Species: Aedes hendersoni

Importance:

This species is not known to be an important pest in Montana. Adults are not frequently collected, suggesting it is either rare or not attracted to CO2-baited light traps.

Biology:

This is one of two tree-hole mosquitoes found in Montana (Ae. sierrensis is the second). Eggs are deposited inside a tree-hole. Winter is passed in the egg stage. Cavities in a wide variety of tree species serve as primary habitat for this species in forested areas. The mosquito also lays its eggs in an array of artificial containers including buckets, cans and barrels.

Identifying Characteristics:

Pointed abdomen, no leg banding, scutum with median stripe of dark scales surrounded by silvery white scales laterally.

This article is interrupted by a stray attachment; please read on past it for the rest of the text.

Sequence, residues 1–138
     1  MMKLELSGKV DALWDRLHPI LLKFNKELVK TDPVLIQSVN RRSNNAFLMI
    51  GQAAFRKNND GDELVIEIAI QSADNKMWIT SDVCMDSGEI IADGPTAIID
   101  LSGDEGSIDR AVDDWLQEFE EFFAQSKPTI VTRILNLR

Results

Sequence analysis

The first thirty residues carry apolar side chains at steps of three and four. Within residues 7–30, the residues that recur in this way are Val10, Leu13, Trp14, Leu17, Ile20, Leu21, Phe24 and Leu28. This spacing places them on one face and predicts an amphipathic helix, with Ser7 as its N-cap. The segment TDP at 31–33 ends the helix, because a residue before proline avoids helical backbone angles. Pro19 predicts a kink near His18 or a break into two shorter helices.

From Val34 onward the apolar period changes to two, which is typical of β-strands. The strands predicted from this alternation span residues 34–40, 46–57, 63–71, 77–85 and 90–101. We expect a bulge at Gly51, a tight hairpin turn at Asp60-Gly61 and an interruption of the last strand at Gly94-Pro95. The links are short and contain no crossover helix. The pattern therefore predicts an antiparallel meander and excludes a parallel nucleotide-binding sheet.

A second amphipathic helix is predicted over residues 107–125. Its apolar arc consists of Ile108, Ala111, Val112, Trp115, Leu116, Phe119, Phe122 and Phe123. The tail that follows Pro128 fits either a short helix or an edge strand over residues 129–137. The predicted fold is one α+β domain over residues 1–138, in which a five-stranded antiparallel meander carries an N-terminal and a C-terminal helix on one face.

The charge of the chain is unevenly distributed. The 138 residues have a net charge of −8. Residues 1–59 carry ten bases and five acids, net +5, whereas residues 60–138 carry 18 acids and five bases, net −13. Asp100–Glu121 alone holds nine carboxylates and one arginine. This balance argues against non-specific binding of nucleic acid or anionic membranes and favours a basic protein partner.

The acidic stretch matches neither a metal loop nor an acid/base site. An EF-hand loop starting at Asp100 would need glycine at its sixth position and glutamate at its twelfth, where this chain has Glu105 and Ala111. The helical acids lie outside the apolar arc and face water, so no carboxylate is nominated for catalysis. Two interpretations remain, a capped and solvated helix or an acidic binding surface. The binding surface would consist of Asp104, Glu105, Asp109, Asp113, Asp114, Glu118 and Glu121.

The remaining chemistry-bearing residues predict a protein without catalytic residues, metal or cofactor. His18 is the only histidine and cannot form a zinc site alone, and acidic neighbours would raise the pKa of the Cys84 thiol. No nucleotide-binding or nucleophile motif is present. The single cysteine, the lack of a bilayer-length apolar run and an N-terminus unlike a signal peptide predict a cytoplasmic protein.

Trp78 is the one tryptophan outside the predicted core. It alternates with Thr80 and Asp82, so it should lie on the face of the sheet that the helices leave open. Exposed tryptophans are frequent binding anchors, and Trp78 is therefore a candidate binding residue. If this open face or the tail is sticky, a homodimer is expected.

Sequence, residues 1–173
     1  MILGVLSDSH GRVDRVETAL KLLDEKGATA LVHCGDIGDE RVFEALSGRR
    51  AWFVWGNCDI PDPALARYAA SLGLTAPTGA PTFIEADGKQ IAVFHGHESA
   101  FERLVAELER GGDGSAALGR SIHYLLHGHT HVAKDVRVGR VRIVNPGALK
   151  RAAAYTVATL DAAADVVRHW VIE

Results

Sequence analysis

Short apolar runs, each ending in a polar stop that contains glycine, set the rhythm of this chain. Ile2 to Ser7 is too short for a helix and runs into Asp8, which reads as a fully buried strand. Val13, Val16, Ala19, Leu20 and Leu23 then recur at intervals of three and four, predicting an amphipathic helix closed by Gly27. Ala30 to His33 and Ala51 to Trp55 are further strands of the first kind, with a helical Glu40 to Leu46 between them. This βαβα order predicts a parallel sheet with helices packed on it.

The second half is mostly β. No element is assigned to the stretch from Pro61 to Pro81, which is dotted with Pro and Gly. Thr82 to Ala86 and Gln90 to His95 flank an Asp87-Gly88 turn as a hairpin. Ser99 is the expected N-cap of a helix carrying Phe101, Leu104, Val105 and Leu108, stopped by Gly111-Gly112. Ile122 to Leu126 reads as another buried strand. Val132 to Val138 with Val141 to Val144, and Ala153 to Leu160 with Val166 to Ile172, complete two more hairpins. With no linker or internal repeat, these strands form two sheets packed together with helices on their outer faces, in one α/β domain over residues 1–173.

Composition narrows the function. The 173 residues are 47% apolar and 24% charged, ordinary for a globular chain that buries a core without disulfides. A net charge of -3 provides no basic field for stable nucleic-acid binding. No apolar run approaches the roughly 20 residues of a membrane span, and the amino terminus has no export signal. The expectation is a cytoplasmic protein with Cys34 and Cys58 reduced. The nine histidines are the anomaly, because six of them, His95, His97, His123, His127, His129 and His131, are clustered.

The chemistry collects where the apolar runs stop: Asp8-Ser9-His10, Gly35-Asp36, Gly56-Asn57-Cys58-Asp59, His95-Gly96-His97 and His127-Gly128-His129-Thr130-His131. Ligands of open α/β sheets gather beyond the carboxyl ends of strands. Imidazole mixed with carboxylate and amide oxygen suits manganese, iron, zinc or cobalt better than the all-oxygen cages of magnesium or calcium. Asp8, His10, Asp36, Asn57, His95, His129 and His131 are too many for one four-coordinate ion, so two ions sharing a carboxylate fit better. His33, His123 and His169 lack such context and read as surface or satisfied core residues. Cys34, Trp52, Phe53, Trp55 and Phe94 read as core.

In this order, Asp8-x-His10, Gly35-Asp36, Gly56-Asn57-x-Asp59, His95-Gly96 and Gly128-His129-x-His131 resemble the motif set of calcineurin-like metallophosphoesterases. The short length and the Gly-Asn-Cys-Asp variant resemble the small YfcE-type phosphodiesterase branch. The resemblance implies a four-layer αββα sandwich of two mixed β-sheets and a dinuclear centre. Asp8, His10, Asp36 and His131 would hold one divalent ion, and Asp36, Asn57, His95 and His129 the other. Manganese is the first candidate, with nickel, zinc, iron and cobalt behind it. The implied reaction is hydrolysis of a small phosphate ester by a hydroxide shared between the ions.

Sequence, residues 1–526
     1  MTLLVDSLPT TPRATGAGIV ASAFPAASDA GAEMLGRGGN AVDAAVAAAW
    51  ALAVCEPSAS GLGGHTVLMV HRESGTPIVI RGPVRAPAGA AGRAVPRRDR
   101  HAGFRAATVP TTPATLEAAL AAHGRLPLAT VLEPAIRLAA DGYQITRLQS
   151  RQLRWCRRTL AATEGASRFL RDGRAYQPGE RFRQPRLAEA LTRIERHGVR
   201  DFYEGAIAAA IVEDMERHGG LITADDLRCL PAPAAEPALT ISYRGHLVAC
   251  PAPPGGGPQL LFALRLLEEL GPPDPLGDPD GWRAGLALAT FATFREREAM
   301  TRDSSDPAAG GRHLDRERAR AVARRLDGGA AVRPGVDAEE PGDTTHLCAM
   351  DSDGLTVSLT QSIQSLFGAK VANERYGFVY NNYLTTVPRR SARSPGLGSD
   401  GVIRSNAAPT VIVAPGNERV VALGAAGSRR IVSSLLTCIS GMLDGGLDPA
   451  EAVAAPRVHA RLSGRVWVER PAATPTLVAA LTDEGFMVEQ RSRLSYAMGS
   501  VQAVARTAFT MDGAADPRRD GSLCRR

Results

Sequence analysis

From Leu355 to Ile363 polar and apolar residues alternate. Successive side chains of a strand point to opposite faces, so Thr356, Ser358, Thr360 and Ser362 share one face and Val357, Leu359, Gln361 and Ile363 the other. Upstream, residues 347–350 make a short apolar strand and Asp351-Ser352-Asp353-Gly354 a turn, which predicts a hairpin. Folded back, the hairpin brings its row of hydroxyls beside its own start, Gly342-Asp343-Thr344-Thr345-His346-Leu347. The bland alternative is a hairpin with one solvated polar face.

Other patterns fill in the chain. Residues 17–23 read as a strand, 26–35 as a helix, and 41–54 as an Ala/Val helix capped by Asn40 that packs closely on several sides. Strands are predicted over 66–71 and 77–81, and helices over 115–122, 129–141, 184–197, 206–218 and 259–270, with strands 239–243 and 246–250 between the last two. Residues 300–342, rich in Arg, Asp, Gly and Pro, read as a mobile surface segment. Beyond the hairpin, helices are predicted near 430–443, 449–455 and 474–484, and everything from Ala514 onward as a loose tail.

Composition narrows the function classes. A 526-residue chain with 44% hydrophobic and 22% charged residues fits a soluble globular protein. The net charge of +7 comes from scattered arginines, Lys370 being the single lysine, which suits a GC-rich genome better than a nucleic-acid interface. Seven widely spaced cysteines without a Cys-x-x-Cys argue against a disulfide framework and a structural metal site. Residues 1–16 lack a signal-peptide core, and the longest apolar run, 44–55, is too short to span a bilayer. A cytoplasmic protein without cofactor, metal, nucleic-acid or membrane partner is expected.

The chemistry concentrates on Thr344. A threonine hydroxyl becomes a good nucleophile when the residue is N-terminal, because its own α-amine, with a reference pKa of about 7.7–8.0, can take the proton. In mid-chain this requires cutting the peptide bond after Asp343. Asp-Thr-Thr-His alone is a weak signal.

Distribution Map:

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Mosquito and Vector Surveillance Program

MSU Extension - Department of Animal and Range Sciences

Montana State University
P.O. Box 172900
Bozeman, MT 50717-2900

Tel: (406) 994-7981
E-mail:
mrolston@montana.edu
Location: Marsh Labs, Room 59

Veterinary Entomology Research Associate:

Marni Rolston

Professor Emeritus of Veterinary Entomology:

Dr. Greg Johnson

Affiliate:

Dr. Grant Hokit (Carroll College)